Essays By Marx

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Whether it took an hour or a week to build a mousetrap, the value of the two products is the same to the consumer if the quality is the same.

Marx had philosophical, metaphysical and tactical reasons for holding fast to the labour theory of value.

From the viewpoint of conventional economics – and elementary logic – this is ludicrous.

For example, ingenuity, which may not be time-consuming, is nonetheless a major source of value.

Political economy, defined in the study of social relations and culture.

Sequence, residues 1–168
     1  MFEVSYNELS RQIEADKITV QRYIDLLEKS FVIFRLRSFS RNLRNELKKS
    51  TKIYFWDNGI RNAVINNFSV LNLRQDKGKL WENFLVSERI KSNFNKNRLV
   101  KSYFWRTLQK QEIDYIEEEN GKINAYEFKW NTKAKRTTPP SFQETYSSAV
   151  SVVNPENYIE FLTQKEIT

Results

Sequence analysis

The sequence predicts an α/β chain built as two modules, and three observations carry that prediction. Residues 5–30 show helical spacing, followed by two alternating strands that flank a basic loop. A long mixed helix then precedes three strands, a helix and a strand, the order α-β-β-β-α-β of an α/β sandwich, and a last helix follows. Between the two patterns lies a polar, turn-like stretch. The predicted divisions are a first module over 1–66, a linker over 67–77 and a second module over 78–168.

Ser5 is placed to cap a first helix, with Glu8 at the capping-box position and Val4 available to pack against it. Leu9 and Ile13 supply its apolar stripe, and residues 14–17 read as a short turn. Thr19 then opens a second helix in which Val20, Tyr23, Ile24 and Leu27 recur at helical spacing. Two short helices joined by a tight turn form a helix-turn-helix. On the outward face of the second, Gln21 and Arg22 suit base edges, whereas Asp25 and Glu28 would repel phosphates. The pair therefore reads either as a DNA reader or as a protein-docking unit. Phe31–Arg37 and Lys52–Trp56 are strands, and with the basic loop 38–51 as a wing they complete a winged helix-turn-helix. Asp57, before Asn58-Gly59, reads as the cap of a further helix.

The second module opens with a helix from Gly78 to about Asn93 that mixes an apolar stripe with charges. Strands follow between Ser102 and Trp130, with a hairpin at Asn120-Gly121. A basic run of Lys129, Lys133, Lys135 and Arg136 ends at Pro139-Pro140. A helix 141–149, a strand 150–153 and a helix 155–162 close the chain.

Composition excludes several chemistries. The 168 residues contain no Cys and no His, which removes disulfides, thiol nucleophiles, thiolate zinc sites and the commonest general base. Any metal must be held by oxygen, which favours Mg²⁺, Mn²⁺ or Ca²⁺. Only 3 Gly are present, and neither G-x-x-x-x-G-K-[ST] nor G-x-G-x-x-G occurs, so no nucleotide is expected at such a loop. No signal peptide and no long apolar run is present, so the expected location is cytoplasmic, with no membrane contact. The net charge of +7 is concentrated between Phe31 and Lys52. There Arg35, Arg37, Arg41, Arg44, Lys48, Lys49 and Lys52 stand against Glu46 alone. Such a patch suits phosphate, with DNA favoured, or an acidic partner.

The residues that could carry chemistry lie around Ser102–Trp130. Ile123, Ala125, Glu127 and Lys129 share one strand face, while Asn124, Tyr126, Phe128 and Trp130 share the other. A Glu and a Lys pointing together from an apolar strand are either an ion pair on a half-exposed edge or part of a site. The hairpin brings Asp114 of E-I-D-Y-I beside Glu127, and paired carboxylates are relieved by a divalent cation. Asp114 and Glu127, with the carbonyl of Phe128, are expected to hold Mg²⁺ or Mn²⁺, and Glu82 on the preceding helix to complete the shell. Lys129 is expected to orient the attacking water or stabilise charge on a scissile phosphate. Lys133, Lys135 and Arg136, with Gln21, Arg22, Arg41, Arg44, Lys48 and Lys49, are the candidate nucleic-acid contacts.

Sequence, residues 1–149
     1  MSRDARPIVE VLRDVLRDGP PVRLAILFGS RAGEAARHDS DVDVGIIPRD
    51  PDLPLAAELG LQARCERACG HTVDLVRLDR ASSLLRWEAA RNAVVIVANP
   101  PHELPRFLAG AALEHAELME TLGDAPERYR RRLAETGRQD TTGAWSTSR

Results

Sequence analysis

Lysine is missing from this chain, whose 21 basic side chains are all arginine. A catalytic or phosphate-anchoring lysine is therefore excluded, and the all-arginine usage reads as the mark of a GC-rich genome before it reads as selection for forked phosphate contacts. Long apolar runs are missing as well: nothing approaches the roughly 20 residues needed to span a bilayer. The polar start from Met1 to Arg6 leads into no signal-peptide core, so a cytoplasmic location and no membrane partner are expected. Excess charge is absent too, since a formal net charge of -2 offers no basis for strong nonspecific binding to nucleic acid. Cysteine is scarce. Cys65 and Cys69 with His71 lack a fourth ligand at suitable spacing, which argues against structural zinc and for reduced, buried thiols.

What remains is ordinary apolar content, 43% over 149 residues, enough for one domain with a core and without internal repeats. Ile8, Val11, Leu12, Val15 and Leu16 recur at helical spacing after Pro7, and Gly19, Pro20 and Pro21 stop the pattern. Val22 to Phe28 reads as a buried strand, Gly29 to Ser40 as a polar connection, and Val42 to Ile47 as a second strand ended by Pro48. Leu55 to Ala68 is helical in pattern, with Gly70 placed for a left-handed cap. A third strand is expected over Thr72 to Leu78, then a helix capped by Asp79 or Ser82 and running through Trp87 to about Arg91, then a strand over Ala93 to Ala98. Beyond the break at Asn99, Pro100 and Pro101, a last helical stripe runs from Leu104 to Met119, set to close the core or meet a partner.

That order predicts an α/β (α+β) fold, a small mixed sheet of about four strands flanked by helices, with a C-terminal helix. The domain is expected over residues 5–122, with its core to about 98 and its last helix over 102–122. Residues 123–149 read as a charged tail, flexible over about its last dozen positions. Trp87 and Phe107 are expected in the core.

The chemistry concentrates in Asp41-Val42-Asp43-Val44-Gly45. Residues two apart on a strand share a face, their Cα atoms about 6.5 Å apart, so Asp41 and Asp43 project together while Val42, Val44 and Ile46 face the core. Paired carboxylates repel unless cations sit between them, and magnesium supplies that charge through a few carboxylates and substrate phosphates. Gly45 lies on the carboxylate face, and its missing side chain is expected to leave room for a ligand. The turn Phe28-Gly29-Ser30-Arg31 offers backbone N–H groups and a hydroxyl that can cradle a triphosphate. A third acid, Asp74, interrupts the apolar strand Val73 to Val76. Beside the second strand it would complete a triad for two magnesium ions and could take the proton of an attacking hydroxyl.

Originally published in the former Soviet Union, was suppressed and after 1928 it was never re-issued. Includes an outstanding introductory essay on "Commodity Fetishism" by Fredy Perlman.Living outside the Christian community, but within the borders of Christendom, they were allowed to commit the sin of usury on the grounds that their souls were already forfeit. “There is on earth no greater enemy of man, after the Devil, than a gripe-money and usurer, for he wants to be God over all men…. And since we break on the wheel and behead highwaymen, murderers and housebreakers, how much more ought we to break on the wheel and kill … ” It should therefore come as no surprise that Luther’s views of Jews, the living manifestation of usury in the medieval mind, were just as immodest.Pope Nicholas V insisted that it is much better that “this people should perpetrate usury than that Christians should engage in it with one another.” The Jews were used as a commercial caste the way the untouchables of India were used as a sanitation caste. Luther agitated against the Jews throughout Europe, condemning local officials for insufficient antisemitism.From the time of antiquity until the Enlightenment, trade and the pursuit of wealth were considered sinful.“In the city that is most finely governed,” Aristotle wrote, “the citizens should not live a vulgar or a merchant’s way of life, for this sort of way of life is ignoble and contrary to virtue.” In Plato’s vision of an ideal society (the Republic) the ruling “guardians” would own no property to avoid tearing “the city in pieces by differing about ‘mine’ and ‘not mine.'” He added that “all that relates to retail trade, and merchandise, and the keeping of taverns, is denounced and numbered among dishonourable things.” Only noncitizens would be allowed to indulge in commerce. Earl of the University of Leeds, who wrote that in Ancient Rome, “all trade was stigmatized as undignified …Lending money at interest was unnatural, in this view, and therefore invidious.“While expertise in exchange is justly blamed since it is not according to nature but involves taking from others,” Aristotle insisted, “usury is most reasonably hated because one’s possessions derive from money itself and not from that for which it was supplied.” In the Christian tradition, the only noble labour was physical labour, and so earning wealth from the manipulation of money was seen as inherently ignoble.“For where your treasure is,” he proclaimed in his Sermon on the Mount, “there will your heart be also.” And of course he insisted that “it is easier for a camel to go through the eye of a needle than for a rich man to enter the kingdom of God.” The Catholic Church incorporated this view into its teachings for centuries, holding that economics was zero-sum.“The Fathers of the Church adhered to the classical assumption that since the material wealth of humanity was more or less fixed, the gain of some could only come at a loss to others,” the economic historian Jerry Muller explains in his book ” – “If one does not lose, the other does not gain.” The most evil form of wealth accumulation was the use of money to make money – usury.In this slim, insightful volume, noted economist Samir Amin returns to the core of Marxian economic thought: Marx's theory of value.He begins with the same question that Marx, along with the classical economists, once pondered: how can every commodity, including labor power, sell at its value on the market and still produce a profit for owners of capital?


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